While these antagonistic phrases may be understandable to all Polish speakers irrespective of the time and locations they appear in, other stickers in the corpus contain intertextual references that rely more heavily on knowledge of the surrounding socio-political context for the overall meaning to be fully understood. The sticker in Figure 2, Picture 5, for instance, features the slogan “Strefa Wolna Od Pis” (PiS-Free Zone), which is a direct response to the “Strefa Wolna Od LGBT” (LGBT-Free Zone) stickers circulated by Gazeta Polska in July 2019.[151] Such “subvertising,” which involves mimicking and co-opting official signs, slogans, and symbols to present opposing and conflicting viewpoints, is a common feature of street and protest art.[152] Other examples of this in the corpus include “Strefa Wolna Od Nienawisci” (Hate-Free Zone) and “Krakow Wolny Od Nienawisci” (Krakow Free of Hate) (see Figure 2). This resistance to the hegemonic discourse through the subtle reconfiguration of a popular or well-known slogan resembles a campaign organized by anonymous campaigners in Porto, who posted stickers throughout the city containing the word “Morto,” which means “dead” in Portuguese.[153]

Figure 2. Examples of “subvertising” of “LGBT-Free Zone”

Picture 5 Strefa Wolna od PiS (PiS-Free Zone)
Picture 5: “Strefa Wolna od PiS” (PiS-Free Zone)
Picture 6 Strefa Wolna Od Nienawisci (Hate-Free Zone)
Picture 6: “Strefa Wolna Od Nienawisci” (Hate-Free Zone)
Picture 7 Krakow Wolny Od Nienawisci (Krakow Free of Hate)
Picture 7: “Krakow Wolny Od Nienawisci” (Krakow Free of Hate)

A second form of intertextuality evident in the linguistic content of the stickers is the use of direct quotations from well-known sources, connecting the struggle for LGBT+ rights to other contexts more familiar to Polish audiences. There were four examples of this among the stickers in the corpus. Two of the stickers featured quotes from the Bible, one displayed a quote from a Holocaust survivor, and a fourth contained a quote from a former U.S. president.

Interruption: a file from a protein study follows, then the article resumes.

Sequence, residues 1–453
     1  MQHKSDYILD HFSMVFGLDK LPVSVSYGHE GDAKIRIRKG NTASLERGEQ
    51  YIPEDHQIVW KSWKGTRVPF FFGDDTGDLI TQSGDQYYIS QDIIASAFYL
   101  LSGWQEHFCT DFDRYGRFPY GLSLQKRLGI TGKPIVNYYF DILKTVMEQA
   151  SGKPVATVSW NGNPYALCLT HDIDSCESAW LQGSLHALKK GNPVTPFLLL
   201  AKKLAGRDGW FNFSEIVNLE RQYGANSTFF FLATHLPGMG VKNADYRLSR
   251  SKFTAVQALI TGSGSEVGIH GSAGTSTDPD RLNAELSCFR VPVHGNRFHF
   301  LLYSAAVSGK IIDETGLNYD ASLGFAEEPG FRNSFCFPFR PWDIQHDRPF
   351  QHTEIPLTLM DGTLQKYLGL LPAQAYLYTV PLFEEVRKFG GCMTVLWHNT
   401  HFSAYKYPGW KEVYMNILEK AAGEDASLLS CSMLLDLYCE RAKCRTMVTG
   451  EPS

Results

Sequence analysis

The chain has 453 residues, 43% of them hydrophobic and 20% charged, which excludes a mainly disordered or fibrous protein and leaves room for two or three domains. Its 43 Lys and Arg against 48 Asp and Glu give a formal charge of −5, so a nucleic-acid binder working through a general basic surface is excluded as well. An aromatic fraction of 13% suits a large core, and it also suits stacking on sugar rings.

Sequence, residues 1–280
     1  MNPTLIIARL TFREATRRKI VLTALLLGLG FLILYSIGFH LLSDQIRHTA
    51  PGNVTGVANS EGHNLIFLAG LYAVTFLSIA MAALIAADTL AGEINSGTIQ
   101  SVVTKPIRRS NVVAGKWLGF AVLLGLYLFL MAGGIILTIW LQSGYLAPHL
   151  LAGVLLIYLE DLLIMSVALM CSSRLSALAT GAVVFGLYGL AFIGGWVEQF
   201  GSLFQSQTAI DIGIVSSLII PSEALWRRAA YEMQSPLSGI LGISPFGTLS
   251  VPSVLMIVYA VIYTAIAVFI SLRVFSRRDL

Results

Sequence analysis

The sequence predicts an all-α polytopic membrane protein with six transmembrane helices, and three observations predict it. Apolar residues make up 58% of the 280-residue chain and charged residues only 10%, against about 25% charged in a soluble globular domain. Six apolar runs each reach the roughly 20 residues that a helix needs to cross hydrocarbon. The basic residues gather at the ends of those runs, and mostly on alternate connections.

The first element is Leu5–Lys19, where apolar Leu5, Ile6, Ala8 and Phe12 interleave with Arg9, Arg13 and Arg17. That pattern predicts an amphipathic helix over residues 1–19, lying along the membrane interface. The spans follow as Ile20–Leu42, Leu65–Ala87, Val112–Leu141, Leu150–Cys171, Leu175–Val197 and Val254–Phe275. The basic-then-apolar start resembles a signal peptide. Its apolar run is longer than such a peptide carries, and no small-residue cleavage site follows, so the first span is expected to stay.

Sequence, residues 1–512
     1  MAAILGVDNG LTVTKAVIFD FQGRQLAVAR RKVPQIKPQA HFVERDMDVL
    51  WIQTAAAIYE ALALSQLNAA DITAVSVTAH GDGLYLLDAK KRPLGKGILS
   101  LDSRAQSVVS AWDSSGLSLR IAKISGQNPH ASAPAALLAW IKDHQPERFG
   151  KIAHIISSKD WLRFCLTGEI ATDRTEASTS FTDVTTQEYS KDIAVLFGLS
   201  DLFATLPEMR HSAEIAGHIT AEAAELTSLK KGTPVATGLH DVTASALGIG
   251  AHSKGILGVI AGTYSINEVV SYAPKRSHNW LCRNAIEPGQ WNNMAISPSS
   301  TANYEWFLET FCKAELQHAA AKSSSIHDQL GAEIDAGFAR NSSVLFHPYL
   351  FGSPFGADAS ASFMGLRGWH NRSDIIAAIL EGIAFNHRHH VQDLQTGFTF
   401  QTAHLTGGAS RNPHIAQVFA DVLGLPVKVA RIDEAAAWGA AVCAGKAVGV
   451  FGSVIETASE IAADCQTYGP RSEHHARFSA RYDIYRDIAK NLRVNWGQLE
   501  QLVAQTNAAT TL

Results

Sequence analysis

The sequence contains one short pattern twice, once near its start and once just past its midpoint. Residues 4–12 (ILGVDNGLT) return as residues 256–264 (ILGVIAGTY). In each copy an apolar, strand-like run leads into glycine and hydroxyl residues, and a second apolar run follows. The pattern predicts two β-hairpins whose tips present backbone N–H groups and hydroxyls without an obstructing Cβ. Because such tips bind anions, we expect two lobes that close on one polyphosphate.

The first Bible quote—“Nie pozwól, by twoje słowo stało się ciałem” (Don’t let your word become flesh)—references an excerpt from John 1:14 (see Picture 8). The second—“Zaprawdę powiadam wam: Co uczyniliscie jednemu z tych braci moich najmnieszych, mnie uczyniliscie”(Truly I tell you, whatever you did for one of the least of these brothers and sisters of mine, you did for me)—is from Matthew 25:40 (Picture 9 below). The centrality of Catholicism to notions of “true” Polish identity in the hegemonic discourse of Law and Justice suggests both excerpts would be familiar to Polish audiences.[154] By superimposing these written citations over rainbow-colored backgrounds, their meanings are re-aligned to connect with contemporary debates in Poland surrounding LGBT+ rights. In this case, the aim appears to be to demonstrate the contradictions between the teachings of the Bible and the discursive exclusion of LGBT+ people from understandings of the Polish nation based on biopolitical reasoning. In Picture 9, the addition of an image resembling the outline of a murder victim with a wound to the chest provides further visual clarification of the potential outcomes that the authors predict will occur should anti-LGBT+ “words become flesh.”

A third sticker presents a direct quote from Marian Turski, a Polish Holocaust survivor, journalist, and historian: “Auschwitz nie spadło z nieba”(Auschwitz didn’t fall from the sky). Auschwitz, which is located less than 70km from Krakow, is familiar worldwide as one of the largest concentration camps of World War II and a symbol of Nazi atrocities during the Holocaust.[155] Its invocation here appears as a further warning to audiences that the biopolitical policies pursued by Law and Justice toward the Polish LGBT+ community resemble the discriminatory policies of the past that led to the horrors of Nazi concentration camps. The choice to incorporate the words of a respected member of Polish society who survived the Holocaust suggests a considered strategy to add credibility to the statement when drawing this parallel between past and present events.